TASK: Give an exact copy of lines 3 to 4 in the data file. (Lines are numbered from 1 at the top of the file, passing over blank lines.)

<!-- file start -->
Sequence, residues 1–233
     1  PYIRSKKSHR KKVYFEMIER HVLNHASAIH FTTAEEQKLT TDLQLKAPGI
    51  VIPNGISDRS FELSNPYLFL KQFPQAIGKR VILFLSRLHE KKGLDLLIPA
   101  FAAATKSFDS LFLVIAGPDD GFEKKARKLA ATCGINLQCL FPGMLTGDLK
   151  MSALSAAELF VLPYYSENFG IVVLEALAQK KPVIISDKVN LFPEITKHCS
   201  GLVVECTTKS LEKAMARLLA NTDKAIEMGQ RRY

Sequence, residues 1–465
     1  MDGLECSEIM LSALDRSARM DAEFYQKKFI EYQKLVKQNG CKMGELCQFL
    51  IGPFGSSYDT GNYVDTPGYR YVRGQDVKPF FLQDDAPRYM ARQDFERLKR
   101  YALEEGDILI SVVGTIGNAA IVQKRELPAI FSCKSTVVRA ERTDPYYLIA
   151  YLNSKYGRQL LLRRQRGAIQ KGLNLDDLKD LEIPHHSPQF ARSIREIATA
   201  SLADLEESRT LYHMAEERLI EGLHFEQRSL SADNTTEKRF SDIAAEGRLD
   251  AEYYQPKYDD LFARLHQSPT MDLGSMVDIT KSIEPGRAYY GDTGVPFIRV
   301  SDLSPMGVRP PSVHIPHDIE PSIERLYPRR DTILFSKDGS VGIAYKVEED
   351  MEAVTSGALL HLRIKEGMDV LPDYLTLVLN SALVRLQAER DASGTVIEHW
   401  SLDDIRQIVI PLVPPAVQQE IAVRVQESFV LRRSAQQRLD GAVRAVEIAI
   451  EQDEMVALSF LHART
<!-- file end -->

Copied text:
    51  VIPNGISDRS FELSNPYLFL KQFPQAIGKR VILFLSRLHE KKGLDLLIPA
   101  FAAATKSFDS LFLVIAGPDD GFEKKARKLA ATCGINLQCL FPGMLTGDLK